F our years of war in Syria has caused one of the biggest refugee crises in history. About six million Syrians are displaced within Syria, three million have left the country. The intense fighting has damaged many residential and industrial areas in the towns and cities of Syria and civilians living in these areas face a range of threats.
Some of these threats come from environmental pollution generated or exacerbated by the conflict. Rubble, wastes, pollution from damaged industry and munitions residues may all present immediate and long-term threats to civilians and their environment. Nationally, governmental capacity to deal with the environmental consequences of the ongoing war is largely absent. And this does not bode well for the longer term security and safety of those civilians remaining in, or returning to Syria.
This desktop study does not provide a list of verified “hotspots” of environmental damage. The ongoing war in Syria does not currently allow for systematic field measurements in most areas of concern. What this desktop study does aim to do, is link known civilian exposure scenarios to known cases of possible or probable environmental pollution from the war in Syria. In doing so it considers pollution incidents in other conflicts and examples of peacetime military pollution. It also explores an experimental approach to assessing the toxic footprint of the constituents of conventional munitions.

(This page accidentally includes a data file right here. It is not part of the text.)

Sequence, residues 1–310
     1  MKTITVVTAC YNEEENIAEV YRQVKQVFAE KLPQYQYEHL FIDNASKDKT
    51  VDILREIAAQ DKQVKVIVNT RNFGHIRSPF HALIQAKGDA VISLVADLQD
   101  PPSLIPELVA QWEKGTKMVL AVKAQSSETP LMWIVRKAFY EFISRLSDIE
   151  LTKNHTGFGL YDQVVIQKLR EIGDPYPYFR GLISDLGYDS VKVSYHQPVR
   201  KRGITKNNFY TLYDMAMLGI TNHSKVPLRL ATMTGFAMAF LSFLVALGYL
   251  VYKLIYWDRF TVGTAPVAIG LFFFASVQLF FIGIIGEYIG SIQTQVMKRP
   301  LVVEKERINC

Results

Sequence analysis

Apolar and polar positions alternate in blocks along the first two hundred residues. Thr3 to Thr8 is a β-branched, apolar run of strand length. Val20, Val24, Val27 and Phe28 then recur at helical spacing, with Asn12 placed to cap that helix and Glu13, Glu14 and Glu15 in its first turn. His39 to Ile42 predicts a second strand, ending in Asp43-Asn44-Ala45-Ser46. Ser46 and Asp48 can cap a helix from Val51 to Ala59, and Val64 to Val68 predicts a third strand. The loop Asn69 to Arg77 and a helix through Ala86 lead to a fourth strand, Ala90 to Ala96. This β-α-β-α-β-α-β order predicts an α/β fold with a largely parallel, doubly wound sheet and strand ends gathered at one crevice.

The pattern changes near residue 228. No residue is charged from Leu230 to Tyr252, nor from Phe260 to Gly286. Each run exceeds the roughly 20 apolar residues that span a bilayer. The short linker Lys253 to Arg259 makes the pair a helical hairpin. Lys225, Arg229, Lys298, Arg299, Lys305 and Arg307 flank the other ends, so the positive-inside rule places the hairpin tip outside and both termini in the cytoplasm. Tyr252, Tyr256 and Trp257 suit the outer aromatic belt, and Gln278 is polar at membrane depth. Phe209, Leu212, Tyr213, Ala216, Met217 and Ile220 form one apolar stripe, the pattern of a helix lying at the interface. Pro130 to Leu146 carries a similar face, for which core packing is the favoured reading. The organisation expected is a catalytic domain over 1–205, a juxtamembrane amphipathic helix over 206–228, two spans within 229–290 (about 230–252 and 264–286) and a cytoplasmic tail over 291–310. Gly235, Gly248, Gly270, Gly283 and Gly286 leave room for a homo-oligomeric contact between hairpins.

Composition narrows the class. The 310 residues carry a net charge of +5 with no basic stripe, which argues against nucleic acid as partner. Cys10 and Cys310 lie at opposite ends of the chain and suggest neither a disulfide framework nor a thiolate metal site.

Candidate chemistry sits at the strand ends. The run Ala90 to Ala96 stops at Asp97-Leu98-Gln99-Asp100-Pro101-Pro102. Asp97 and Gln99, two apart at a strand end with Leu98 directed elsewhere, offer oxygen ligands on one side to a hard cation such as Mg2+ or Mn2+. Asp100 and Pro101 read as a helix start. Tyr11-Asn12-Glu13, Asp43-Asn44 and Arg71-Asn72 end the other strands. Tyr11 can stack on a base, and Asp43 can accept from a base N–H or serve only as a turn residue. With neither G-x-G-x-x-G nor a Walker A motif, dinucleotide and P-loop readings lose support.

This desktop analysis identifies four types of hazards – feasible scenarios in which the environmental impact of the conflict may have a direct and or long-term impact on the public health of the Syrian people.